Have you ever traveled outside of the country or do you plan to in the future? If so, it’s important to keep in mind how and where you will exchange your American dollars for the local currency. Many people, including myself, are often blindsided by the fees that tag along with currency exchange, and often don’t take the necessary measures to get the most out of their dollar.
For example, last summer, I studied in Barcelona, Spain for six weeks. Prior to my departure, I exchanged a couple hundred dollars for euros. While abroad, there were times when I ran out of euros and had to withdraw money from the Spanish ATMs. I was aware of the convergence fees that the ATMs would charge me, but I was unaware of how quickly they’d add up. I ended up paying roughly $50 in ATM fees while abroad. I was unaware of the steps I needed to take to ensure my financial well-being while travelling. I soon learned the significance of taking out large quantities of money to help avoid continuous ATM fees. Therefore, on my next adventure out of the country, I made sure to take cautionary measures with converting my money by researching the best methods -something I highly recommend everyone does before they travel to another country.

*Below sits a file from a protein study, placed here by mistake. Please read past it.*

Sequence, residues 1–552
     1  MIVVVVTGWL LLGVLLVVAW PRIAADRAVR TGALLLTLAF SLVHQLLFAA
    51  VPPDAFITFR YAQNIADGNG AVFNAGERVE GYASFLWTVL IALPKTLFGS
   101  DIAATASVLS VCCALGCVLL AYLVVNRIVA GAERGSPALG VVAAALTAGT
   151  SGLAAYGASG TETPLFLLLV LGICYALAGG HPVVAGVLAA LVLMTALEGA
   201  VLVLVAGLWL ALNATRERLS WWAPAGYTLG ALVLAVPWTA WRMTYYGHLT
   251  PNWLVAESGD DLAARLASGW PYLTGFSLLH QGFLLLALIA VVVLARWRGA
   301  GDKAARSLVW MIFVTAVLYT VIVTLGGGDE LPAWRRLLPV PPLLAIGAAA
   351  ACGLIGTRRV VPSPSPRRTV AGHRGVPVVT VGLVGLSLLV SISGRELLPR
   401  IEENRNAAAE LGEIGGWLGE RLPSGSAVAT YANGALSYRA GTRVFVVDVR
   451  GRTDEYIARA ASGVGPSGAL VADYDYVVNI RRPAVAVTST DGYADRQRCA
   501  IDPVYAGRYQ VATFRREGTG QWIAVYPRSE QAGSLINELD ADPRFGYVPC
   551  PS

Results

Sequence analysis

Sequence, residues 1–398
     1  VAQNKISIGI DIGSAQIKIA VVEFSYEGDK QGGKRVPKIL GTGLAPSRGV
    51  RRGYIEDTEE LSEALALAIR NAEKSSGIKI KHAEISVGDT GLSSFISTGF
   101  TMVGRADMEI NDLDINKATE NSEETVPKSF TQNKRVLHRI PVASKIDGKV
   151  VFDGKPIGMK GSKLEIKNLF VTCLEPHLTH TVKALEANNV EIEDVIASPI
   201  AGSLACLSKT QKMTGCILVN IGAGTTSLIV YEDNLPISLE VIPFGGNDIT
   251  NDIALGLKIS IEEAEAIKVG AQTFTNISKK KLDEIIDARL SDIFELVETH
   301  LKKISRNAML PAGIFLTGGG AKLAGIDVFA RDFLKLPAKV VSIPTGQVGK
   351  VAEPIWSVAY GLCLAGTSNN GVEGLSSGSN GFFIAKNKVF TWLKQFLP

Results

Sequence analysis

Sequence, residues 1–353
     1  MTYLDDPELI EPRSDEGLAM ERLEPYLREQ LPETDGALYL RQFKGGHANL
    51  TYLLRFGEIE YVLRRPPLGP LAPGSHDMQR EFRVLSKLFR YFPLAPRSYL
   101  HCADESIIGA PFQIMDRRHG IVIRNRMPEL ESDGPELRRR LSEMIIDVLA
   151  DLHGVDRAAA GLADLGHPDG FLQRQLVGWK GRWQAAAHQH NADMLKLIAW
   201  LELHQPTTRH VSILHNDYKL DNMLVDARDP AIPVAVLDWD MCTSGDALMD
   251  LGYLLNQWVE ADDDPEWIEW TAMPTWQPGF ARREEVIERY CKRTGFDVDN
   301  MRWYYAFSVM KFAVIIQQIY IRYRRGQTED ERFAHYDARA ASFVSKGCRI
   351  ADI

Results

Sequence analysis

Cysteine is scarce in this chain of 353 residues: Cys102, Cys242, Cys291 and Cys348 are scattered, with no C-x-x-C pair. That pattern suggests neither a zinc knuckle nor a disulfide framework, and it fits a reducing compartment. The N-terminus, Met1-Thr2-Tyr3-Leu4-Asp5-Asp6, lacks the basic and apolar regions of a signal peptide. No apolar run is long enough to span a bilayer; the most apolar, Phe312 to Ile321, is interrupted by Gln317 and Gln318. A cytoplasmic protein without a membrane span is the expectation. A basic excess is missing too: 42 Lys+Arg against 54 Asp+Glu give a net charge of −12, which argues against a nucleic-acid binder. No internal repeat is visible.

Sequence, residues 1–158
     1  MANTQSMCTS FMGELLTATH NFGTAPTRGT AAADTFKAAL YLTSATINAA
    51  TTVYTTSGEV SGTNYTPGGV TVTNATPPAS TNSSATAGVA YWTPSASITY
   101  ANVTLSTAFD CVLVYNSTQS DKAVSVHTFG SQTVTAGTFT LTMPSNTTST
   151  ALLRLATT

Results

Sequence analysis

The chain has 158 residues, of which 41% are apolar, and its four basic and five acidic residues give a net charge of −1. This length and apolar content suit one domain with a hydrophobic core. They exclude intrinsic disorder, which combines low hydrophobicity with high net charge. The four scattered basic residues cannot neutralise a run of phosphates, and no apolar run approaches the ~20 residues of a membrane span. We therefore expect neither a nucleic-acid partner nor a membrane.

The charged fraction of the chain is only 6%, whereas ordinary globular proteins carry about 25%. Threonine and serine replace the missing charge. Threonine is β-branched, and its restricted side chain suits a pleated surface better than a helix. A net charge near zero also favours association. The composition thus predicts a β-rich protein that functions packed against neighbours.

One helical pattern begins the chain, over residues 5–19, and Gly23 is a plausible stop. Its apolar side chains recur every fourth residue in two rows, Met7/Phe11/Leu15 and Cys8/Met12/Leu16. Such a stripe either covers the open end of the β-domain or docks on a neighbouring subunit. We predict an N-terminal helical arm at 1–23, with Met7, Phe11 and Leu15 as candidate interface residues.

My next adventure and financial lesson was my service trip to Guatemala where I served an extremely impoverished community. I knew that I would not need nearly as much money as I did in Europe, but I did want to be able to purchase souvenirs, some local food, and also contribute financially to my host family. After researching the exchange rate: 1:00 USD (Dollar) = 7.7 GTQ (Quetzal), I discovered that the rates were lower if I exchanged in Guatemala, and so I did – and the exchange rate was indeed 7.5 GTQ per USD. I also discovered that most foreign countries value the US dollar, and are willing to let you purchase items with it (often resulting in a bargain for you).
In essence, one of the most important things I learned from my travels is how to be cost effective with currency exchange. My best advice is to avoid change bureaus in airports and train stations.